Letter from Mr. and Mrs. Winfred P. Buckwalter III to MLK

Monday, October 23, 1967

Mr. and Mrs. Buckwater enclose a check for $500.00 that is intended to assist Dr. King in his efforts to stop the Vietnam conflict and help establish world peace.

Immortality

Dr. King quotes German philosopher Dr. Oswald Spengler regarding his ideology of immortality. According to Spengler, history holds no permanent value. King states "If such a philosophy of history is right there would be no reason to desire continued existence...immortality would have no meaning."

Letter from Robert W. Fischer to MLK

Monday, January 27, 1964

Robert Fischer is a collector of autographed TIME magazine covers that feature famous personalities. He requests the cover with Dr. King's portrait, so that he may add it to his growing collection.

Letter from Albert Duff, Jr. to MLK

A former critic of Dr. King pledges allegiance to him after his bold and noble stance against the Vietnam War. Albert Duff, Jr. finally understands that color lines should not be a symbol of divisiveness. Duff feels that the world needs men of Dr. King's courage to speak from the Bible.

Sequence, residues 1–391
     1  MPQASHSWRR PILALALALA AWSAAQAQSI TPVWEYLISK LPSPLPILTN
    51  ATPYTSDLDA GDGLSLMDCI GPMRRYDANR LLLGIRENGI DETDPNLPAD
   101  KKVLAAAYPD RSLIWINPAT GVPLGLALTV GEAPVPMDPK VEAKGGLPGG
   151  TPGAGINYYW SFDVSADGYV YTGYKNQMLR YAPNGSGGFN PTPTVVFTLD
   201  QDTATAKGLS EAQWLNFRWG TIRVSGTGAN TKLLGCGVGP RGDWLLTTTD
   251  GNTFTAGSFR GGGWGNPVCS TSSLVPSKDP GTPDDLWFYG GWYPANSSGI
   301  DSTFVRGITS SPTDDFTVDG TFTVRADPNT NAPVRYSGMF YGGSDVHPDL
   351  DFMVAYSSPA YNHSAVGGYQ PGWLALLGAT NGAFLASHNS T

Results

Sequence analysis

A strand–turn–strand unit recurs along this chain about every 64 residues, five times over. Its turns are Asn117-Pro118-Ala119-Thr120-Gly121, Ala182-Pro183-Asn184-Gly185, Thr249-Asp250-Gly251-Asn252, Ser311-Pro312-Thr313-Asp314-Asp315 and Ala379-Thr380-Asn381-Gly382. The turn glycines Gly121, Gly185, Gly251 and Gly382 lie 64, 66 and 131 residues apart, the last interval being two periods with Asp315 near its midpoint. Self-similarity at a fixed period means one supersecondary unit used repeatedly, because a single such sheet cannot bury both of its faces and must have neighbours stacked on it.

"Black Power" and Coalition Politics

The September 1966 issue of Commentary, a monthly publication of the American Jewish Committee, features Bayard Rustin's article "Black Power and Coalition Politics." The article discusses topics such as black power, the liberal labor civil rights coalition, the strategies of Marcus Garvey, W. E. B. Du Bois, and Booker T. Washington, and A. Philip Randolph's Freedom Budget. Rustin states that although black power is viewed as a "psychological rejection of white supremacy" those advocating for black power are seeking a "new black establishment."

Letter from June Gordon to MLK

Friday, July 9, 1965

June Gordon, as the Executive Director of the Emma Lazarus Federation of Jewish Women's Clubs, issues a check to SCLC. They also pledge to assist other civil rights groups involved in the struggle for equality.

Letter of Support to SCLC from SAVE

Friday, July 7, 1967

Gladys Weekes states that she and her fellow members of the Southern Assistant Volunteer Effort (SAVE) are happy to again support the SCLC.

Advice for Living

Advice for Living is a column Dr. King uses to help people with moral dilemmas. In this issue, he receives questions from an 18-year old about his mother's drinking issues, a 24-year old with relationship issues, and others.

Letter from Dolly Davis to MLK

Tuesday, February 19, 1963

Dolly Davis, Publicity Director of the John Day Company publishers, writes Dr. King to request his reaction to Harold Isaac's book, "The New World of Negro Americans." Davis asks permission to quote his comments and sends him the advance galleys.